Black Friday: How merry are US shoppers feeling this holiday season?

American consumers weren't inclined to open their wallets in October. But was that just a pause before the traditional holiday rush?

Brendan McDermid/Reuters
Shoppers walk on 34th St. in Herald Square in Manhattan Nov. 24. Black Friday and its sales are not what they used to be. Shoppers, who received bigger discounts closer to Christmas last year, are being cautious with their spending and willing to wait for deals, polls by Reuters/Ipsos and others show.

American consumers are entering the holiday season on a faltering note: their spending rose just 0.1 percent in October, after running at the same scant pace the month before.

Coming at a time when business investment has also been slumping, and the world economy none too strong, this doesn’t sound like good news.

What about that recovering job market, which should be buoying the very consumers who fuel much of economic growth? What about all the chatter that the Federal Reserve sees the economy as strong enough to start raising short-term interest rates as soon as December?

The disconnect may not be as big as it sounds. The reality, many forecasters say, is that the core of the US economy isn’t roaring ahead full throttle but also isn’t coming to a stop. It looks like October may just be a pause before a pretty typical holiday spending rush.

“The fundamentals for consumer spending remain solid,” Gus Faucher, a senior economist at the Pittsburgh-based financial services firm PNC, wrote in an e-mailed analysis Wednesday. “In addition to job and wage gains, other positives are the big drop in energy prices that have freed up cash to spending on other goods and services, rising household wealth, low borrowing costs, and expanding access to credit.”

Mr. Faucher predicts a “good” holiday retail season, with retail sales up 3.5 to 4 percent from the prior year (or 2 percent after inflation is factored in).

Other forecasters have similar estimates. At IHS Global Insight, director of consumer economics Chris Christopher sees 3.5 percent sales growth for the shopping season that symbolically starts about the time people lay down their Thanksgiving Day forks. That would compare with a 4.1 percent year-over-year gain for the 2014 holiday season, and 2.7 percent in both 2013 and 2012.

Some researchers say the US economy is still being held back by the lingering effects of the Great Recession of 2007 to 2009, and that those effects are mental and emotional as well as financial.

“Five years of 2 percent growth has convinced many people to temper their economic aspirations, their use of debt, and their labor force participation,” Richard Curtin, who directs a widely watched consumer survey run by the University of Michigan, said in a consumer outlook report last week. “Needless to say, none of these changes are permanent in an absolute sense,” he says, yet the impact can be seen as an ongoing feature of people’s economic lives today.

This isn’t to say that tepid economic growth is all about consumer pessimism.

It’s rational that people will adjust their expectations based on the positive or negative trends they see in the job market or their own bank accounts. But changing aspirations can reinforce those trends – perhaps prompting more people to enter the job market, take out loans, or buy a new gadget.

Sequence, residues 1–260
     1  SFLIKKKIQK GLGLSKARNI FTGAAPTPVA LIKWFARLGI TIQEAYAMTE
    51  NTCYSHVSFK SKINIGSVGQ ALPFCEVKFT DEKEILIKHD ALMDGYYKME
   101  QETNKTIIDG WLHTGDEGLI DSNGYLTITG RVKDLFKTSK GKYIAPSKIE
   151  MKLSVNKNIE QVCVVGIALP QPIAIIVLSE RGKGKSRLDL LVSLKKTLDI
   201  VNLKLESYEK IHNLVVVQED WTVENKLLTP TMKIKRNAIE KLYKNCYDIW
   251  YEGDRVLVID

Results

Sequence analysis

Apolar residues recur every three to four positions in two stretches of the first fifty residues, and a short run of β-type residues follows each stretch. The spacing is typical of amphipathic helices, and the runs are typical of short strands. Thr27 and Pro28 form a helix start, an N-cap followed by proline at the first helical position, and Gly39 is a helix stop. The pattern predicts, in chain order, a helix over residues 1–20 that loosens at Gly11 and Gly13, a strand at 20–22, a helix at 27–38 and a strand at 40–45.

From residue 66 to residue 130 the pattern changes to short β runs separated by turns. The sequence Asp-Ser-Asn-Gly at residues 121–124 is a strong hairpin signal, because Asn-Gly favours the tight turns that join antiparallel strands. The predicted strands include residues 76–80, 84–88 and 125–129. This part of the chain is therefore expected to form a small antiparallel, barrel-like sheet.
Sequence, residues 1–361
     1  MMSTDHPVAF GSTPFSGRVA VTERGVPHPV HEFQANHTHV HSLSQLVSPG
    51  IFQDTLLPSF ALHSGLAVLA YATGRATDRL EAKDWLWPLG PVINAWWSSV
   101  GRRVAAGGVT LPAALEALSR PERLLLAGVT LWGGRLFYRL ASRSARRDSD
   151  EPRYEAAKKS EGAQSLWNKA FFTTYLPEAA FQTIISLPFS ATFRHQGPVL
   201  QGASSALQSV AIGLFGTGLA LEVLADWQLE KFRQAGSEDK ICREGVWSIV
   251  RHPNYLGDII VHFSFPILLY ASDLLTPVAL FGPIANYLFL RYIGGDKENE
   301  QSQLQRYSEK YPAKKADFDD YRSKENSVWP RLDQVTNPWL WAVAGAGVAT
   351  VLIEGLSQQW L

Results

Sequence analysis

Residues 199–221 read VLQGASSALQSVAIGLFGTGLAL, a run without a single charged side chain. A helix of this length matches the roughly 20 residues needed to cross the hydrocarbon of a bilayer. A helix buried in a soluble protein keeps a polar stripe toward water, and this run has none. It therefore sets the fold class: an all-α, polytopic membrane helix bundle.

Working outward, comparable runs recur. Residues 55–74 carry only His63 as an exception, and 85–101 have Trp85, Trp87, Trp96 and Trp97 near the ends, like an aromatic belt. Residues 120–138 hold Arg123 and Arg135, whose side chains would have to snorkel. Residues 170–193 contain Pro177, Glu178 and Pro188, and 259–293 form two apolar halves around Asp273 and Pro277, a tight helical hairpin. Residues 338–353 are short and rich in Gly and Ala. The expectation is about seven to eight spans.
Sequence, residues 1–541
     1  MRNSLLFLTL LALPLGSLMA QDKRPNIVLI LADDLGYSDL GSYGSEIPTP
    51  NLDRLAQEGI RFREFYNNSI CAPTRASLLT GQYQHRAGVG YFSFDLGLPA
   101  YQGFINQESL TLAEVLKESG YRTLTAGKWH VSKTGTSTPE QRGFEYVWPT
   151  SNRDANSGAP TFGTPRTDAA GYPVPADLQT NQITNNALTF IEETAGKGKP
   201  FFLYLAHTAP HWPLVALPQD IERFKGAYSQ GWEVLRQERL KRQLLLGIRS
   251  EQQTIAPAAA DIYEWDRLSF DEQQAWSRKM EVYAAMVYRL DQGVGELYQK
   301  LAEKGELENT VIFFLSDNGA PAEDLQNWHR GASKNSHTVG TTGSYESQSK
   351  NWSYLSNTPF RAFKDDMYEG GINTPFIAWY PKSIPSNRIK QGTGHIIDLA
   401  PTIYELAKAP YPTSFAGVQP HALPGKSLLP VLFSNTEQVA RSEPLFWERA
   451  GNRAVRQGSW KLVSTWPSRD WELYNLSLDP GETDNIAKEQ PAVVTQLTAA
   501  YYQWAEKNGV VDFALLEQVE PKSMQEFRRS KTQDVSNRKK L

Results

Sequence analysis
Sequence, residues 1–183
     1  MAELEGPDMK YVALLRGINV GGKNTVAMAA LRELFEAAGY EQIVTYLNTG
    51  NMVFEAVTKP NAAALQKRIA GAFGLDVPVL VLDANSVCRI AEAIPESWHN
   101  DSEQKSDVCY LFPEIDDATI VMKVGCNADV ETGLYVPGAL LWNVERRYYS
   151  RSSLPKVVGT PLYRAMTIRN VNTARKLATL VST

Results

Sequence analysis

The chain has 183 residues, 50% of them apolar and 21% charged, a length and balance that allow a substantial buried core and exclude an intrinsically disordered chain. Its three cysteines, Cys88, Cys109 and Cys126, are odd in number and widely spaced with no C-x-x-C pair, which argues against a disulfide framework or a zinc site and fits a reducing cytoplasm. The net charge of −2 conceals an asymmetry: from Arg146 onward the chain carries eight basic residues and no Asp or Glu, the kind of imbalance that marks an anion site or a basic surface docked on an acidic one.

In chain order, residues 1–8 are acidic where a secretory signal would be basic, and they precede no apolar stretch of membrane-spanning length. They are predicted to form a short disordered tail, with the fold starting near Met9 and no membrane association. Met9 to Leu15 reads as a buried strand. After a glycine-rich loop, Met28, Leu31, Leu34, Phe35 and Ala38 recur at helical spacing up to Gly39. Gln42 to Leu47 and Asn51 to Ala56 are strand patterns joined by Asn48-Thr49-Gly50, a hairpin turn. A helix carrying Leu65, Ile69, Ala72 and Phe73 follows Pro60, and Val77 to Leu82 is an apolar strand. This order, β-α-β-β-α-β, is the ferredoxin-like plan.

Mr. Curtin put it this way: “Once an upward dynamic in aspiration is set in motion, it is hard to reverse, but once it is reversed, it is just as difficult to restore the upward dynamic.”

Today’s economy could use more upward dynamics.

The challenges for average consumers are many – not just the after-effects of recession, which include eroded savings accounts and tougher access to credit. It’s also longer term trends. The globalization of production, coupled with changes in technology and in public policies, have fueled rising income inequality and a decline of middle-skills jobs.

As recently reported in a Monitor cover story, the middle class seems to be shrinking and struggling, even if living standards aren’t in outright decline. Costs such as childcare, health-care payments, and tuition burden many families after years of slim wage growth.

As Curtin phrases it: “The pace of growth is too low to provide meaningful improvements in living standards for many Americans.”

But the current trends are still ones of progress. Curtin predicts that consumer spending will rise about 3 percent annually for 2015 and 2016, hardly a scorching pace but higher than in any calendar year since 2006.  

Job creation hasn’t been as fast in 2015 so far as in 2014, but the economy has still been adding 200,000 positions per month.

Wage growth may also be picking up. In October, for instance, rising wages helped fuel a 0.4 percent jump in personal income. Consumer spending rose at only one-quarter that pace for the month – so that’s money that could show up in holiday spending or in an improved savings rate.

The University of Michigan consumer sentiment index has regained levels seen in the early 2000s, prior to the recession. But it's not showing clear momentum lately. Despite a modest gain in the latest survey, released Wednesday, the index is a bit below its 12-month average.

The stop-and-start progress for consumers hints at how the economic concerns of average Americans are a big issue in the 2016 presidential race. Democrats including Hillary Clinton are accusing Republicans of having no plan to address income inequality, while Republican candidates argue that Democrats are failing to aspire to anything better than the 2 percent economic growth of the Obama years.

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